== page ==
migrants, and workers from all over the world, Sweden provides a useful setting for our
analyses. Additionally, our work expands on the existing literature by administratively
linking immigrant parents with children and separating out refugees from non-refugees.
1. These are often called the 1.5 generation in the immigration literature (Sweetman and Ours 2015).
We start by documenting striking similarities in income and educational outcomes
between immigrant and native children. We next zoom in on the immigrant group and
find that refugee children from countries like Bosnia, Syria, and Iran have higher inter-
generational mobility than the average child immigrant. While immigrant parents from
these countries on average find themselves with lower incomes than those from other
countries, their children show some of the highest levels of income in adulthood among
all immigrant children. Still, we find substantial heterogeneity in intergenerational mo-
bility across predominantly-refugee sending countries, revealing the importance of further
research to try to understand the mechanisms behind these differences.
Our work stands on the shoulders of an active literature on the intergenerational
mobility of immigrants. Focusing on male immigrants who arrive in Sweden before 1970
and their Swedish-born sons, Hammarstedt and Palme (2012) show that the absolute
income of these children converges to that of the children of native Swedish fathers.
In our sample of immigrants who arrive in Sweden between 1974 and 1999, 21% of
children have information on only their mothers, suggesting that looking at parents and
children of both genders is important to get the full intergenerational mobility picture.
Furthermore, immigration to Sweden changed character quite dramatically in the early
1970s with waves consisting primarily of refugees and family migrants, as opposed to
labor immigrants. We focus on immigrant children born outside of Sweden instead of
the second generation, with the goal of seeing how those who spend only a portion of
their childhood in Sweden do compared to native Swedish children. We measure a child’s
income when he or she is 30 years old, whereas Hammarstedt and Palme (2012) measure
child income in 1997-1999 at ages that range from 20 to 64. Given how variable incomes
are across those ages, we argue that our strategy provides a more stable measure of
income in adulthood.2 Similar to us, however, the authors find heterogeneities in income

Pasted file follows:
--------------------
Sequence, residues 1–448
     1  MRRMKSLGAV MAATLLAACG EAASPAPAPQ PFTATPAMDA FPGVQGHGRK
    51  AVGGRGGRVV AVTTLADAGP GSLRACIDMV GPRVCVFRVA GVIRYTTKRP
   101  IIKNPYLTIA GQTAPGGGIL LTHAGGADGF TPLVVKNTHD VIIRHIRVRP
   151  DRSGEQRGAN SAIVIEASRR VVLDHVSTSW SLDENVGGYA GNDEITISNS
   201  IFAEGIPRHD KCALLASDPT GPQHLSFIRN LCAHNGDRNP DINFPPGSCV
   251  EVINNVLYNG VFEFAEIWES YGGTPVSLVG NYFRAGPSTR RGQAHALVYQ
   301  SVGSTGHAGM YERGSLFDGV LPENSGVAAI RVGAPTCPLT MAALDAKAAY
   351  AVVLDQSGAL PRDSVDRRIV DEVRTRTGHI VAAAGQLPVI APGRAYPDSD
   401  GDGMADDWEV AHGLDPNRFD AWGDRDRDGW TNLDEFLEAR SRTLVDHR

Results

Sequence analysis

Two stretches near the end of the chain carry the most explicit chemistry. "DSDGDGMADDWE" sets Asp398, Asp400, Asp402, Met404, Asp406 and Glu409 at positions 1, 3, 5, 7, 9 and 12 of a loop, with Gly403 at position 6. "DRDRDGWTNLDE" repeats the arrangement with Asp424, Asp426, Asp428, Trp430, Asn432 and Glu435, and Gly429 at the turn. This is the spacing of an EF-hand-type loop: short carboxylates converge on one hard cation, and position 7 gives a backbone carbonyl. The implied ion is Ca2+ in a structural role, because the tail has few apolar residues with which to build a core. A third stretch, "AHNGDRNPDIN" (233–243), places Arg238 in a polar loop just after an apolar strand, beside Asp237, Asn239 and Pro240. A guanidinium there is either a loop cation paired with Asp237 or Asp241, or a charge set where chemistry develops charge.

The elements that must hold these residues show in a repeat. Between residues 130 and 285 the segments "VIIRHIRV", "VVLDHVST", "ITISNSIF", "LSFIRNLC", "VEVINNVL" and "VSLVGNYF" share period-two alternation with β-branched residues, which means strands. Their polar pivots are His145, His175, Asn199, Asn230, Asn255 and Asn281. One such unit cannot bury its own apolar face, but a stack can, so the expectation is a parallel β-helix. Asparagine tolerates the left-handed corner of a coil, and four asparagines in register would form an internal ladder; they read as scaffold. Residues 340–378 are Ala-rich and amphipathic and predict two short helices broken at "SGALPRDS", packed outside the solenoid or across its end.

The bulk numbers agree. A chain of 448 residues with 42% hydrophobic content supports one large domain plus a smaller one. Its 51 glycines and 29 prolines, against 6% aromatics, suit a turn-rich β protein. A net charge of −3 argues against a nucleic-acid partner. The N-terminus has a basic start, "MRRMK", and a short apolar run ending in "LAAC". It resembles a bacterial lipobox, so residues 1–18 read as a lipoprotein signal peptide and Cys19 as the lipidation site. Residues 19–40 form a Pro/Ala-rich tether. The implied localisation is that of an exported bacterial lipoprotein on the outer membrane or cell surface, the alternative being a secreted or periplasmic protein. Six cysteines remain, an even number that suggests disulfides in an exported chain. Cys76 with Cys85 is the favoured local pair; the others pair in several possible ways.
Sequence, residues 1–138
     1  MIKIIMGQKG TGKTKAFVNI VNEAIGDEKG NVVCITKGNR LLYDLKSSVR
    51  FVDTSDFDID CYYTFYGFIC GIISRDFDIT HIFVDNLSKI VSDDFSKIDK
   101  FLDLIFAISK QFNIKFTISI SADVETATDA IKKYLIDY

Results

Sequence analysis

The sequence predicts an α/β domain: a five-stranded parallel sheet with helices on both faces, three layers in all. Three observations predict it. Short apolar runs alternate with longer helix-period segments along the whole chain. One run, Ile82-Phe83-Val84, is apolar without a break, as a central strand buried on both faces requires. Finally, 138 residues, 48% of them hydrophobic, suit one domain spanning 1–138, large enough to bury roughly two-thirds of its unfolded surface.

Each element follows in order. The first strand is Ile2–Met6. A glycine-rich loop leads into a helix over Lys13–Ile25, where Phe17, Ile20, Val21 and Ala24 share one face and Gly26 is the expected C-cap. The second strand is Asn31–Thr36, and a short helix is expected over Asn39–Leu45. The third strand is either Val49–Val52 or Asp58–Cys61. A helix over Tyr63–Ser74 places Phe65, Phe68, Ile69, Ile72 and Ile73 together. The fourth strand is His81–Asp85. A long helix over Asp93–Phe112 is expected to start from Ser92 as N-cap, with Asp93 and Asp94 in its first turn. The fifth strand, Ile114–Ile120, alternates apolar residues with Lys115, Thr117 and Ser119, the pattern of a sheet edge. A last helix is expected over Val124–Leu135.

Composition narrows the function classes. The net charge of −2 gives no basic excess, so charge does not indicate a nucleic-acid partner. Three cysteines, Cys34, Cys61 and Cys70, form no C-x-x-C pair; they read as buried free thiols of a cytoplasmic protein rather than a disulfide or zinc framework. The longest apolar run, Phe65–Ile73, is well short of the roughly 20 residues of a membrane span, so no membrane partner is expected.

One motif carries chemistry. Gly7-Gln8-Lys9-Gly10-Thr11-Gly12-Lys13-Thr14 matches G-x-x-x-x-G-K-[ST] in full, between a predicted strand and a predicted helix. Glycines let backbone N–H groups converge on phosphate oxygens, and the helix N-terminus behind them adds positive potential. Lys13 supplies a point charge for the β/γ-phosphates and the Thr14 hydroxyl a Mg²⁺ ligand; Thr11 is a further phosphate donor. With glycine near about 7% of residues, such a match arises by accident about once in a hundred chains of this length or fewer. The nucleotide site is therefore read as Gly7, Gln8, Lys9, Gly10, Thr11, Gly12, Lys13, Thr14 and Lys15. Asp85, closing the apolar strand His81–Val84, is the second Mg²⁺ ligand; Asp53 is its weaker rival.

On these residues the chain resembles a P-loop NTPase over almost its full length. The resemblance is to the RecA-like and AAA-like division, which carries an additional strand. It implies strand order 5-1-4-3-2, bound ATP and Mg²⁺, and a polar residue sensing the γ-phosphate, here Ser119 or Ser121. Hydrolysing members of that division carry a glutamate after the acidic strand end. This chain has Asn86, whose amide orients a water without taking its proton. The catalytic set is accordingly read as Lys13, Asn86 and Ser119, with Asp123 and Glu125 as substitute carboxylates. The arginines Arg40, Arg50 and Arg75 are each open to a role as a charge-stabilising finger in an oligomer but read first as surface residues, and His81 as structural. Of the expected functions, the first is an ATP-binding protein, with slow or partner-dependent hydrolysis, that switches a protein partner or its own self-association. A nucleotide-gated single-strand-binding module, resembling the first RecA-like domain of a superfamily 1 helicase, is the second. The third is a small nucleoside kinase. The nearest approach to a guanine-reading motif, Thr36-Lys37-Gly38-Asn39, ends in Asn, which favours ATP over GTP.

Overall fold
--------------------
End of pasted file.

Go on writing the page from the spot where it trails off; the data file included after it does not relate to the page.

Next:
convergence, with children from Turkey, Greece, the Middle East, and Africa displaying
the highest earnings gaps relative to natives.
Relatedly, Niknami (2016) looks at how the educational attainment of immigrant
and native girls born in Sweden between 1960 and 1980 differs from the educational
attainment of their mothers. She finds higher educational intergenerational mobility for
girls born to immigrant mothers. The paper complements earlier work by Borjas (1992),
Borjas (1993) Card, DiNardo, and Estes (2000), and Aydemir, Chen, and Corak (2009),
who study the relationship between immigrant father earnings and child earnings. They
conclude, among other things, that sons of immigrants have earnings in adulthood that
closely resemble their father’s earnings. In contrast to most of these studies, we do not
restrict our focus to fathers and sons and we do not rely on a grouped data estimator
since we can link children to their parents.
In the Norwegian context, Hermansen (2016) finds evidence of convergence of immi-
2. We also check the robustness of our results using later ages.
grant children to their native counterparts in terms of absolute income and education.
Like us, he sees immigrant children of several non-European ethnic minorities achieve
higher educational attainment and earnings than their native counterparts with similar
parental socioeconomic backgrounds. Hermansen (2016)’s sample includes children born
to foreign-born parents who were either born in Norway or who came to Norway before
the school-starting age. Given prior work that shows children moving at earlier ages
with higher incomes and education levels in adulthood (see Van den Berg et al. 2014 and
Chetty, Hendren, and Katz 2016), we also include children arriving in their teenage years
in our sample to ensure a representative picture of immigrant intergenerational mobility.
In the next section we present Sweden’s immigration history since World War II and